Bloomsbury’s sales have increased by 14%, which the publishing company has attributed to people “rediscovering the joy of reading” during lockdown.
The company said fantasy, escapism, social inclusion and cookery all sold well during the pandemic, including successful bestseller titles such as Why I’m No Longer Talking To White People About Race by Reni-Eddo Lodge and A Court of Thorns and Roses series by fantasy author Sarah J. Maas.
Bloomsbury performed significantly better than the wider UK publishing market, which recorded a 2% rise in sales during 2020, according to data from the Publishers Association.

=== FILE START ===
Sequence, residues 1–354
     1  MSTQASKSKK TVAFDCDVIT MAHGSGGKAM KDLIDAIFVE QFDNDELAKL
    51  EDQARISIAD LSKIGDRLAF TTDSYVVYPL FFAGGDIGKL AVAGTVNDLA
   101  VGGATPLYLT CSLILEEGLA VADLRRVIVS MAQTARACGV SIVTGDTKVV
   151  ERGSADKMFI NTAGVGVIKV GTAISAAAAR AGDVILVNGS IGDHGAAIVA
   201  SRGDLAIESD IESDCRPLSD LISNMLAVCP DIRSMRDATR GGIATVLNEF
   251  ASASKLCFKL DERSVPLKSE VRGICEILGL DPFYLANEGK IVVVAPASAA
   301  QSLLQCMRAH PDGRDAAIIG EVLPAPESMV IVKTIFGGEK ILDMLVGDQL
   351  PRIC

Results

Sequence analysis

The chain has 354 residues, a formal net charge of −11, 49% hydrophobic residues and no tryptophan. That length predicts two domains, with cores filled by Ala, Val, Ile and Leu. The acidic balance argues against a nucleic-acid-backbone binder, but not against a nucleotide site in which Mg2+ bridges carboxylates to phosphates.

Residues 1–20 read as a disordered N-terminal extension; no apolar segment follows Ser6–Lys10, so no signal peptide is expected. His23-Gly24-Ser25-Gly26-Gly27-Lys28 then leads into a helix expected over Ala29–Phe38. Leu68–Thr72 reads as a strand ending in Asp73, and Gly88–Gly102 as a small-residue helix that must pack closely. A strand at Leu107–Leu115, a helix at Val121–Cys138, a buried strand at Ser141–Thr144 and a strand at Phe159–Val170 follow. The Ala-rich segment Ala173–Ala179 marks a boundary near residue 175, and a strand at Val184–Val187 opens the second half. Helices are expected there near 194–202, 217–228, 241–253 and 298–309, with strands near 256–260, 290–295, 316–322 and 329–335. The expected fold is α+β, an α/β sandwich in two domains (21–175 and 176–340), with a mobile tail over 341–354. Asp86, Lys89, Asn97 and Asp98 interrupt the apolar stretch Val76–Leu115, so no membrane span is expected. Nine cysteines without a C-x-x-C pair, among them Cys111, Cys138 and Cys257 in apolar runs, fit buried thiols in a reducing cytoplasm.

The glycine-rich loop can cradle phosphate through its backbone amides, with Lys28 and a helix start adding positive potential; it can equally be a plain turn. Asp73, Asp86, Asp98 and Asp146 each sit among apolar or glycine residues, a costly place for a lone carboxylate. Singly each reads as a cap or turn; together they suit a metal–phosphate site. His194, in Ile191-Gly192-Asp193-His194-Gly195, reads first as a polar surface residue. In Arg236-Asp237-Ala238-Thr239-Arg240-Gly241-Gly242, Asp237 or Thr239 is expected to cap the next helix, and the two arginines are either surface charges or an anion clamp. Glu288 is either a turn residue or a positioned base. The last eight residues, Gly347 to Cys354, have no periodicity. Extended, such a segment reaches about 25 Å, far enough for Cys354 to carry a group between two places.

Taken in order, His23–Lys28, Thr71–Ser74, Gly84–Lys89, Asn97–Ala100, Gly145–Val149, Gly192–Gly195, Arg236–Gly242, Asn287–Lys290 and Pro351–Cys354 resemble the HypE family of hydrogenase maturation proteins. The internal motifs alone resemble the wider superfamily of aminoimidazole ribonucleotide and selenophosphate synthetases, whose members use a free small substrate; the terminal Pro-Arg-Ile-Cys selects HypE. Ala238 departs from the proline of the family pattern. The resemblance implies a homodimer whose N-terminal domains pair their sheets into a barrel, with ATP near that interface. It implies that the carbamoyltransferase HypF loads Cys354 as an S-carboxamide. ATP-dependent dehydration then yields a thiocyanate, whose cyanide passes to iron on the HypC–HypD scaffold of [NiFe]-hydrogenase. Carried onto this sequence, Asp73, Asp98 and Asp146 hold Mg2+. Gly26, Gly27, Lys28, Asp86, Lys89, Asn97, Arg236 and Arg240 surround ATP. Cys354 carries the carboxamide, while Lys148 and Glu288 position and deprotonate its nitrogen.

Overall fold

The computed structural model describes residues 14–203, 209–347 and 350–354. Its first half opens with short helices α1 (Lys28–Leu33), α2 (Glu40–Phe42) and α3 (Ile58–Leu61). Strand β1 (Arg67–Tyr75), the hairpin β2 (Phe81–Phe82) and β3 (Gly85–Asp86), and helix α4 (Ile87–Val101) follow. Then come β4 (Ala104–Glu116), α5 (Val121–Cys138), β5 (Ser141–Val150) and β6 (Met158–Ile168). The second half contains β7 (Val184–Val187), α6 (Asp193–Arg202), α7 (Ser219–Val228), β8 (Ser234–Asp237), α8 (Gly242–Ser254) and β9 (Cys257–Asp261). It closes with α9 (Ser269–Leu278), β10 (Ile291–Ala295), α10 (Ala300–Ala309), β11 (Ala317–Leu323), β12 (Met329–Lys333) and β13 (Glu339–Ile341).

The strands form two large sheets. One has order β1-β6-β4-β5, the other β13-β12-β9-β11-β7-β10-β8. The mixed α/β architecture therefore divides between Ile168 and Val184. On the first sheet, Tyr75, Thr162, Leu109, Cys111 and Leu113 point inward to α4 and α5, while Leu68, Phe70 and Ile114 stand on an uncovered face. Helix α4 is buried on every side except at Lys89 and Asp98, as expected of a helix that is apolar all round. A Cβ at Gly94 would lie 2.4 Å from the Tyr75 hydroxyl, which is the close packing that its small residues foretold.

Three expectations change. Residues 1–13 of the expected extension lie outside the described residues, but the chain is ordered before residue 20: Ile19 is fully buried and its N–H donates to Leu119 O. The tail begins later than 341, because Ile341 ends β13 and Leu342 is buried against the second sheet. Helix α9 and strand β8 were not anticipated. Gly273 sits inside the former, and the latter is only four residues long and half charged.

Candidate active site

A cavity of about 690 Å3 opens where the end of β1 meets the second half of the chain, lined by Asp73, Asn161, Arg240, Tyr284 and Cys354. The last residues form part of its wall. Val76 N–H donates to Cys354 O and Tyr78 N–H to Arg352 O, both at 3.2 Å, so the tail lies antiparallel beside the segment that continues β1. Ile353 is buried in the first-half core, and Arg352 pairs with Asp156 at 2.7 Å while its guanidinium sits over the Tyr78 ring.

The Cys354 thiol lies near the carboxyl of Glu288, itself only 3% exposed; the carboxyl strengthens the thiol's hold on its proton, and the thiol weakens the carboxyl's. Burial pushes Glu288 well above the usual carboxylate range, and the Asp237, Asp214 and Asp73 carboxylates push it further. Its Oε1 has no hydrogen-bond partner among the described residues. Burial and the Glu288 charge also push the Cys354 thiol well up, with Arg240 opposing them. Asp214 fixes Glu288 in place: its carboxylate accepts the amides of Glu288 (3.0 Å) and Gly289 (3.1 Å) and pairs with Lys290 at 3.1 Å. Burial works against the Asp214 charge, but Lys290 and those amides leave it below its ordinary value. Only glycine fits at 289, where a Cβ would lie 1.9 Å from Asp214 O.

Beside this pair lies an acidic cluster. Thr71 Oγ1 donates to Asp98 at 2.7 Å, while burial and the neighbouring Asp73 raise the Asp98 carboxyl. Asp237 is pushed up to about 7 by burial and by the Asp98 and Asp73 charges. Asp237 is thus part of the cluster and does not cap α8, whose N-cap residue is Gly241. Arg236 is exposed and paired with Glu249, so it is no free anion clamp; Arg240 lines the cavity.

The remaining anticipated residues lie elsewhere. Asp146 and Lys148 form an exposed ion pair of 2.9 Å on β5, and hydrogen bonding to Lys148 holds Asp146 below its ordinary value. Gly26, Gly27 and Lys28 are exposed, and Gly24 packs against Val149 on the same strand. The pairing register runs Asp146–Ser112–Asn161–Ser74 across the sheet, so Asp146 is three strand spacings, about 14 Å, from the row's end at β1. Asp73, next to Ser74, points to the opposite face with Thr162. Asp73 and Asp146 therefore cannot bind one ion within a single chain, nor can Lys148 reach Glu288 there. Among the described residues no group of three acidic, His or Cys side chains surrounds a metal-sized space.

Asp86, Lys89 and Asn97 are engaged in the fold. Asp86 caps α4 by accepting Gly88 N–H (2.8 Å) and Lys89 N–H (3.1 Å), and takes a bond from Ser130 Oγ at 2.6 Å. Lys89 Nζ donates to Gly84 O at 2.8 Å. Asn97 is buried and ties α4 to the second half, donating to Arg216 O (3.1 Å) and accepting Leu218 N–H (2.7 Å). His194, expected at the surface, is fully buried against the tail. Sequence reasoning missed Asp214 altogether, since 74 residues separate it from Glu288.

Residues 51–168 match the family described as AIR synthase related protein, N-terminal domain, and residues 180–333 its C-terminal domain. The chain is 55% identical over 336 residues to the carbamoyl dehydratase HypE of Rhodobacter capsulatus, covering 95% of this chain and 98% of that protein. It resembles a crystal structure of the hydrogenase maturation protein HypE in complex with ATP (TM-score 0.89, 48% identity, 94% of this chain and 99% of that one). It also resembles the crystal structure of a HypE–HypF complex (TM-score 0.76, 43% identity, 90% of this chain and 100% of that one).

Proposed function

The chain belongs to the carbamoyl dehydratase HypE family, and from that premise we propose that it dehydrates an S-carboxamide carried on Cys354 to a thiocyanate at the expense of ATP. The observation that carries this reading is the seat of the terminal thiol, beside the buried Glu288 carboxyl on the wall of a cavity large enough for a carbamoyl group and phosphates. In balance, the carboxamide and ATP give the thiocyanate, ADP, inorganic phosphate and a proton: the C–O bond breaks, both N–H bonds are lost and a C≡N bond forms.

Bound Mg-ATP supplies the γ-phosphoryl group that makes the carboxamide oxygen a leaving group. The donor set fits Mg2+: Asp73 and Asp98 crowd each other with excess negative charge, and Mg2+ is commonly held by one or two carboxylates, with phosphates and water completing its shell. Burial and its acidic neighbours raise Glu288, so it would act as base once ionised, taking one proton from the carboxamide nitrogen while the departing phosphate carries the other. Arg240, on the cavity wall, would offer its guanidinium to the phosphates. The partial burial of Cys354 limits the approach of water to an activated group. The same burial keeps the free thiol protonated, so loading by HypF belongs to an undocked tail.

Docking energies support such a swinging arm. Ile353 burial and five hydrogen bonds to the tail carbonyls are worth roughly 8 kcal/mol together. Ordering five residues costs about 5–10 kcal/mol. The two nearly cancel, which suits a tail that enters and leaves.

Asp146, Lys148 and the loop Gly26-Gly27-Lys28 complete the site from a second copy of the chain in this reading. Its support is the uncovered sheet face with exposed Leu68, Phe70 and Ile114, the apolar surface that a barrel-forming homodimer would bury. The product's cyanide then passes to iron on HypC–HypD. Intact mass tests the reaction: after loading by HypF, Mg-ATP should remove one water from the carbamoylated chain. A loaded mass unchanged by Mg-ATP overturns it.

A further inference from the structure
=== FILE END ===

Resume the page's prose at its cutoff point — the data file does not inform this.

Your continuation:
Bloomsbury’s chief executive Nigel Newton said that he expects the demand to continue, as “The reopening of bookshops on 12 April has been a complete gamechanger and what we have seen in the period since then is the combined success of online and digital sales and high street sales around the world”.
The results prompted Bloomsbury to raise its final dividend 10% to 7.58p per share, on top of a special dividend of 9.78p a share to compensate shareholders for a cancelled payout in 2020. Earlier this year, the group repaid the government furlough support that it received in the early days of the coronavirus pandemic.
These financial profits have soothed fears for publishing professionals that the demand for reading may wane once the lockdown restrictions eased.